Robotic-Assisted Total Knee Arthroplasty: An Assessment of Content, Quality, and Readability of Available Internet Resources

Background: The use of robotic-assisted total knee arthroplasty (TKA) has significantly increased over the past decade. Internet content is largely unregulated and may contain inaccurate and/or misleading information about robotic TKA. Our goal was to assess the content, quality, and readability of online material regarding robotic-assisted TKA.

Methods: We conducted an internet search for the top 50 web sites from each of the 3 most popular search engines (Google, Yahoo, and Bing) using the search term robotic total knee replacement. Each web site was assessed for content, quality, and readability. Web site quality was assessed utilizing the QUality Evaluation Scoring Tool (QUEST). Readability was assessed utilizing the Simple Measure of Gobbledygook, Flesch-Kincaid Grade Level, and Flesch Reading Ease Formula scores.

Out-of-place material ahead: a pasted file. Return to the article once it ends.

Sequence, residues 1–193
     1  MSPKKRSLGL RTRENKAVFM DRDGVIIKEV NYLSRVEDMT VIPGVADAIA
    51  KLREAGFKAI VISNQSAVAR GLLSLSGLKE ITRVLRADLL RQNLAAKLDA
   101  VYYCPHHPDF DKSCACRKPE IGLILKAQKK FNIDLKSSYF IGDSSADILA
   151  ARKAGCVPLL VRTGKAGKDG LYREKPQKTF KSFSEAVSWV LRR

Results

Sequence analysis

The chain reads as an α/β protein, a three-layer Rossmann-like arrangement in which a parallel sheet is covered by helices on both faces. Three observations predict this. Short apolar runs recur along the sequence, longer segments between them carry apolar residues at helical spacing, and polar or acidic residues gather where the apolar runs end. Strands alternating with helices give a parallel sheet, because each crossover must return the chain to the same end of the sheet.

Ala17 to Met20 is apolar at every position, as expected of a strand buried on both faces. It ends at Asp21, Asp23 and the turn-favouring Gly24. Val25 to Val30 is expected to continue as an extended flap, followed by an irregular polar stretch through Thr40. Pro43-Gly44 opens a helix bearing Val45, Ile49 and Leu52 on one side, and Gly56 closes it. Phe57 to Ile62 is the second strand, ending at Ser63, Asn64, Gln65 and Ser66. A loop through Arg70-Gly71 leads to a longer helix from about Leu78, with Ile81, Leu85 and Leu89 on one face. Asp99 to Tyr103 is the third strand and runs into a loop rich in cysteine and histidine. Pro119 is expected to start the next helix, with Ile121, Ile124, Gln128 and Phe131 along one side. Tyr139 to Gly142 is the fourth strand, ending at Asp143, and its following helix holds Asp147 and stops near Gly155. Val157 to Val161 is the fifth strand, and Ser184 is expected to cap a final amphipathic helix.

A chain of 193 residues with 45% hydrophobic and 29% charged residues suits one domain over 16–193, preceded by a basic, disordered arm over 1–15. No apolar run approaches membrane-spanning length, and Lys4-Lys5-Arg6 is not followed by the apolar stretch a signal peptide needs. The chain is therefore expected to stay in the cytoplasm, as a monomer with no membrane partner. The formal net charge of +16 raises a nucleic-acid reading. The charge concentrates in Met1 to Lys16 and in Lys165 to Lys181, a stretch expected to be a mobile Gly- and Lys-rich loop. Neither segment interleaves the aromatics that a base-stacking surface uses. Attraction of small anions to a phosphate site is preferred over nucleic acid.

Results: General risks of TKA were discussed in 47.2%, while benefits were discussed in 98.6% of all web sites. Inaccurate claims occurred at a significantly higher rate in physician/community hospital sources compared to university/academic web sites (59% vs 28%, P = .045). Web sites from university/academic web sites had the highest QUEST scores, while physician/community hospital sources scored the lowest (16.1 vs 10.6, P = .01). Most web sites were written at a college reading level or higher.

Conclusion: Patients should be counseled on the largely unregulated nature of online information regarding robotic-assisted TKA. Physicians and hospitals should consider revising the readability of their online information to a more appropriate level in order to provide accurate, evidence-based information to allow the patient to make an informed consent decision.

Keywords: content; quality; readability; robotic total knee replacement; total knee arthroplasty.